Israel and Syria took a step towards rapprochement at the Euro-Mediterranean conference that opened yesterday in Barcelona, with Syria indicating its willingness to accept Israel's offer of peace if it withdrew from the Golan Heights and Southern Lebanon.
Israel's Foreign Minister, Ehud Barak, in his opening speech to foreign ministers from the European Union and 12 Mediterranean nations, made a direct appeal to his Syrian counterpart, Farouk al-Shara, who was seated at the same table. "We were rivals in battle", General Barak said. "We've spilt blood. We've made peace now."
Mr al-Shara said: "A just and global peace cannot be achieved without the total withdrawal from the Golan Heights and southern Lebanon." This was the first time the two countries had exchanged such relatively positive comments in a public forum, and the exchange is being interpreted as the first step towards a dialogue.
The 27 ministers, meeting for the first time yesterday, are to approve today a declaration and an action plan cementing a regional partnership. It promises a Euro-Mediterranean free-trade area by 2010 and co-operation on energy, water, immigration, and against terrorism and drug trafficking. The draft side-steps some points of conflict, such as Islamic fundamentalism. "Islam isn't just fundamentalism any more than Christianity was the Inquisition," said the deputy president of the European Commission, Manuel Marin.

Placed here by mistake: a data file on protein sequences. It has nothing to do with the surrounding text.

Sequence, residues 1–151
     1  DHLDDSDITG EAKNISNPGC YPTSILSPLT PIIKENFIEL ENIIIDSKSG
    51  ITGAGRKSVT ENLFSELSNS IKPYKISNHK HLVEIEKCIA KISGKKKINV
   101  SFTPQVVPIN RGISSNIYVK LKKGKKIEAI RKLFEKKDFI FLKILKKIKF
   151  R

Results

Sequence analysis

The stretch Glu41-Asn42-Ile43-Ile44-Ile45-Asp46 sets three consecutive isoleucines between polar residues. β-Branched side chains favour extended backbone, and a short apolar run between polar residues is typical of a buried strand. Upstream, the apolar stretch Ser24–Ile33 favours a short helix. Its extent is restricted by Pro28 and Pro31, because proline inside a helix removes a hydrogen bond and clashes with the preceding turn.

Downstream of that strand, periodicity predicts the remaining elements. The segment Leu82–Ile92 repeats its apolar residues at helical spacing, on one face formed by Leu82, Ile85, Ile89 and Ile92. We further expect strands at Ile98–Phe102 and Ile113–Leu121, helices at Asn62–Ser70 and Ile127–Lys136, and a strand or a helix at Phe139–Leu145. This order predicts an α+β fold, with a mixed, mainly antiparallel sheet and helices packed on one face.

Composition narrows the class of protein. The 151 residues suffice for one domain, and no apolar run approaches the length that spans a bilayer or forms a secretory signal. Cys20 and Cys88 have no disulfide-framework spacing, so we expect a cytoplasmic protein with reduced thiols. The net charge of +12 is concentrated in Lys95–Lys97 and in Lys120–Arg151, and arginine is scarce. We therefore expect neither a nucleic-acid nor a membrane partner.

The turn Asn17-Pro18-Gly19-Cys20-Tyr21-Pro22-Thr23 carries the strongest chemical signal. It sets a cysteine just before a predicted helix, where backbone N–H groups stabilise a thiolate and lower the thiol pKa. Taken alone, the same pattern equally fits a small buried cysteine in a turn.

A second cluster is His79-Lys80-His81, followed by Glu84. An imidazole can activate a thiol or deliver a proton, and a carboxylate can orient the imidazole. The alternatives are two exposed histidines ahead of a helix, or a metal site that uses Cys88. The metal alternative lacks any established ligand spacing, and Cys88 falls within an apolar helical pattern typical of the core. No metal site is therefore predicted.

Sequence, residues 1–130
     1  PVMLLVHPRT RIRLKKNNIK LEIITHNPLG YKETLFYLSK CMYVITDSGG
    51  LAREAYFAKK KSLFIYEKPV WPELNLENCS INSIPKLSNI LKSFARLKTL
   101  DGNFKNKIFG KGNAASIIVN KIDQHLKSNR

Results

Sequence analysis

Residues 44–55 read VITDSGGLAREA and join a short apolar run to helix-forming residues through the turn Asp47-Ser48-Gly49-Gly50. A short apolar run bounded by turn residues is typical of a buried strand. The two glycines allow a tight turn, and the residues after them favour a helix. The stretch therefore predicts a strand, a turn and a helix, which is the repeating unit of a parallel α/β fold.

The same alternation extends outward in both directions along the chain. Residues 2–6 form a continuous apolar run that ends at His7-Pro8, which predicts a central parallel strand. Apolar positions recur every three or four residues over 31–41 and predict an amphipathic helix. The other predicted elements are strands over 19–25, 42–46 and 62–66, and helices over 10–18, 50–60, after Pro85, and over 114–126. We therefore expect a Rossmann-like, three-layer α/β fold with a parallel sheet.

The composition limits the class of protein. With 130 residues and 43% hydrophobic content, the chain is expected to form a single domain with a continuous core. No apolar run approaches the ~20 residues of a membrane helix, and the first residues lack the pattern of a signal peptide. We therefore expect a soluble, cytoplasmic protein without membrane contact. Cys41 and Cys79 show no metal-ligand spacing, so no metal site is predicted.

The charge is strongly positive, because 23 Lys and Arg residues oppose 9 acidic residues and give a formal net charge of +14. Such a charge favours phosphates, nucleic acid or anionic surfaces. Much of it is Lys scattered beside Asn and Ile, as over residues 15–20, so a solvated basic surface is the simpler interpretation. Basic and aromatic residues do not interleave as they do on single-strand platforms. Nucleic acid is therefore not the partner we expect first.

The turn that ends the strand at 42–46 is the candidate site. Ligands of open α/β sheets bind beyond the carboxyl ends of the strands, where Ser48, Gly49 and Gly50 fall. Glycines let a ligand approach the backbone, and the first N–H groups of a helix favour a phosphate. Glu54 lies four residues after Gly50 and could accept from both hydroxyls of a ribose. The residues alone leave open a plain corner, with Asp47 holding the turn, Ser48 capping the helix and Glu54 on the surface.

North African immigration into southern Europe was a sticking point resolved at the last minute. About 5 million Muslims, mostly from the Maghreb, live in southern Europe, and illegal immigration from North Africa, prompted by economic hardship, is increasing. Under Moroccan insistence the declaration softens reference to countries' "obligation" to return illegal immigrants to their countries of origin in favour of their "responsibility" to do so.
"Fighting terrorism will have to be a priority ... and consideration will be given to stepping up exchanges of information and improving extradition procedures," says the action plan. But Lebanon, Syria and Palestine want the definition of terrorism to exclude the fight against occupying forces, a point resisted by Israel. Another clause unpalatable to Israel, calling for the non-proliferation of weapons of mass destruction, was expected to be softened.
Britain, seizing upon trade and investment opportunities, wants a study made on overcoming obstacles to investment in the region and proposes a conference next year in London to mobilise capital flows.